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Broadside ballad entitled 'Ewe Buchts'



Bonnie Mary in the ewe buchts is gane

To milk her father's ewes,
And aye as she sung her bonnie voice it rung

Right over the top of the knowes.
There was a troop of gentlemen

Came early riding by,
And one of them to the ewe buchts is gone,

To see Mary milking the ewes.
Milk on, milk on, my bonnie lass,

Milk on, milk on, said he?
Miik on, milk on, my bonnie lass.

And you'll show me o'er the lea..
Ride on, ride on, stout rider said she,

Your steed's both stout and strong,
For out of the ewe buchts I winna gang,

For fear that you do me wrong.
He has ta'en her by the milk-white hand.

And by the wrist green sleeve,
And he has laid her down on the dewy land,

And he asked no man's leave.
He has put his hand in his pocket,

And has ta'en out guineas ten,
Saying. take you that, my bonnie lass,

For you'll never see me again.
He mounted on his milk-white steed,

And he's ridden after his men.
And a' that e'er his men ever said,

Was dear master you've, tarried long.
I have ridden east and I've travelled west,

And I have ridden amang the knowes,
But the bonniest lass that e'er I saw.

Was milking her daddie's ewes.
She has put her milk pale on her head,

And she's gane singing hame,
And a' that e'er her father said,

Was, dear daughter you've tarried long.

There came a tod amongest our ewes,

And a woeful tod was he,

Before he had ta'en my ewe lamb away,
I'd rather he'd ta'en ither three.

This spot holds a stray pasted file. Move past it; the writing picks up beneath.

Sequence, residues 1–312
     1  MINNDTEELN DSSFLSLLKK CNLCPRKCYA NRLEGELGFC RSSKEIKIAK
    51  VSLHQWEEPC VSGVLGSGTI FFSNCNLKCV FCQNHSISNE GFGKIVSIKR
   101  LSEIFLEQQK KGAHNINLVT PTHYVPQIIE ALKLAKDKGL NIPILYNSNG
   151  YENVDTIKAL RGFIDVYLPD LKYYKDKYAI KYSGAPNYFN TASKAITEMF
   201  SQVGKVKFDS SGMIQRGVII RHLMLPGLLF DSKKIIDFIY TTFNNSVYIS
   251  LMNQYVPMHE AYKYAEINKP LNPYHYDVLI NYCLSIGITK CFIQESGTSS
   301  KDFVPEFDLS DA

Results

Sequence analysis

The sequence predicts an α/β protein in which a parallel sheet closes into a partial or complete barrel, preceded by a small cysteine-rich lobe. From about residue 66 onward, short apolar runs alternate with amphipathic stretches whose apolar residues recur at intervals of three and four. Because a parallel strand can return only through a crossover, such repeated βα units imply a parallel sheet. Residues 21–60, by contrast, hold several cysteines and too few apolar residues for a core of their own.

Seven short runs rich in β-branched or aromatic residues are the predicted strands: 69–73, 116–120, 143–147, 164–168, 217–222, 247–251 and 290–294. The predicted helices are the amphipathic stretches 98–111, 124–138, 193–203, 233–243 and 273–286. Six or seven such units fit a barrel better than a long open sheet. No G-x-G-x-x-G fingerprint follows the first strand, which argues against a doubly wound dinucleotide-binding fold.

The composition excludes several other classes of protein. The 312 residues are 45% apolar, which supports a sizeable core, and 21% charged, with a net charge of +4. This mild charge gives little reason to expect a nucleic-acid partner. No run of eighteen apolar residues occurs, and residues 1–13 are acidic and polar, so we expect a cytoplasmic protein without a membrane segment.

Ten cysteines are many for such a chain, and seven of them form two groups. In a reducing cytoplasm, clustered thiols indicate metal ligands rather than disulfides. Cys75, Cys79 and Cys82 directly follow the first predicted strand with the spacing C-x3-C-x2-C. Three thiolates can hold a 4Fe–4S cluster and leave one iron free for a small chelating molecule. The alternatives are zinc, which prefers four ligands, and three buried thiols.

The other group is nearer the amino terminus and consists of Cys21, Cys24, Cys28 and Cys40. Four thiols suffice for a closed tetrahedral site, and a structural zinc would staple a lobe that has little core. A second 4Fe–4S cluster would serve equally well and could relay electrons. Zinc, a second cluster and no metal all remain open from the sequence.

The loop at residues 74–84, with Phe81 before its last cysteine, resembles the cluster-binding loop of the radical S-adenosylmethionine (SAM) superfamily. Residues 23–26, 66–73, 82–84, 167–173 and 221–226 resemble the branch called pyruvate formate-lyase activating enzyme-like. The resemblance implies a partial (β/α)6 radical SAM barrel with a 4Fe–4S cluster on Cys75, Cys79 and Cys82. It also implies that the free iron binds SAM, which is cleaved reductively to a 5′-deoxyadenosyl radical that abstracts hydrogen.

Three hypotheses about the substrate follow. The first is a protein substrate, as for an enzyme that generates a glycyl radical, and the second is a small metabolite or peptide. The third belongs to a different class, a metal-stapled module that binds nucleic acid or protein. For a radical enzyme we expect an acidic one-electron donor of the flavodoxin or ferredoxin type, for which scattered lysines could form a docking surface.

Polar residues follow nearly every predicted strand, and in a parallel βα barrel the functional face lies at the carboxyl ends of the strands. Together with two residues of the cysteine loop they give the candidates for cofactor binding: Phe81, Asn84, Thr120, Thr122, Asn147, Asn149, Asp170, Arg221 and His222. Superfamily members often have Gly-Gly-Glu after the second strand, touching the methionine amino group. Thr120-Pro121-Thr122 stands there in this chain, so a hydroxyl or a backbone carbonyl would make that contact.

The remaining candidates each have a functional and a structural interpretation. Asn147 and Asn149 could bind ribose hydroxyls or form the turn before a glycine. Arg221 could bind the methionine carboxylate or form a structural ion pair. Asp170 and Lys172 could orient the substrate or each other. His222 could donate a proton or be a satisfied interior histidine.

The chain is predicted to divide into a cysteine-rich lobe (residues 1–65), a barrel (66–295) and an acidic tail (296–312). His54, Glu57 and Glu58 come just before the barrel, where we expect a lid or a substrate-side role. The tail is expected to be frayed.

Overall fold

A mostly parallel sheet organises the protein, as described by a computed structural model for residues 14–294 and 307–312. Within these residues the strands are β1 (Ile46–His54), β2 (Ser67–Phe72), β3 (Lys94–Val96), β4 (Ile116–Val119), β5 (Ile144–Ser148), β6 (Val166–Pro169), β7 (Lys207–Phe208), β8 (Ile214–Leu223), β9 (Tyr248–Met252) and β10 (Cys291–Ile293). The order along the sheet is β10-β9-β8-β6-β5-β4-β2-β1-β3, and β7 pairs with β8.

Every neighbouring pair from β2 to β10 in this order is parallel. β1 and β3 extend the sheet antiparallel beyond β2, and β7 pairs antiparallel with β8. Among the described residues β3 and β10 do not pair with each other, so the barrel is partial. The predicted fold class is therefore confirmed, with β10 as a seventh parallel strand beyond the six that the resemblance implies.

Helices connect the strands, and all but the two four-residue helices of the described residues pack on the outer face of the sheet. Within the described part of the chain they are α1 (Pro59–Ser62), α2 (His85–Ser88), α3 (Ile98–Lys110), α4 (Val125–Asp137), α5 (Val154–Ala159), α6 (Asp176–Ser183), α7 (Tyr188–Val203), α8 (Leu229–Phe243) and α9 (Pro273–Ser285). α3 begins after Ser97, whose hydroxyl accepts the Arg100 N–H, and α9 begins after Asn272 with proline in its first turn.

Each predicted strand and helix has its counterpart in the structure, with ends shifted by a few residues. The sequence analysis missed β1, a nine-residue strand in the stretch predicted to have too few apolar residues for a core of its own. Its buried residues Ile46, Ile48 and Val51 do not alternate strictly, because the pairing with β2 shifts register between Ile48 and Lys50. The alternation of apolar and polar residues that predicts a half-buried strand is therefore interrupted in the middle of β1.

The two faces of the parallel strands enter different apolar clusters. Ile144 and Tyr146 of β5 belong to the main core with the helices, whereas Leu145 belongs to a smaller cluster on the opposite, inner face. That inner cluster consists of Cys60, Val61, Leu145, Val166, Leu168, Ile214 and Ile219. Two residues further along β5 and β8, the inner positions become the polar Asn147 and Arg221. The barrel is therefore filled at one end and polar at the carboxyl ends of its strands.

It happened on a day, on a bonnie summer day,

She was calling out her father's kye,
And who did she spy but the same nobleman,

Coming riding merrily by !
And one of them he did speak out.

Saying fair maid, have you got a man,
She turned herself quite saucy round about,

Saying I've got one at home,
Hold your tongue, my bonnie lass,

For as loud as I hear ye lee,
Do you nae mind o' the cold misty night,

When you were in the ewe buchts wi' me?

He has ordered one of his men to come down,

And help her on behind,
Your father may call in his kye when he likes,

For they'll never be call'd in by mine.
For I am laird o' Youghal Ward,

Have fifty plonghs and three ;
And I'm sure I've met wi' the gay bonniest lass,

That's in a' the north country.


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Probable period of publication: 1860-1890   shelfmark: L.C.Fol.70(2b)
Broadside ballad entitled 'Ewe Buchts'
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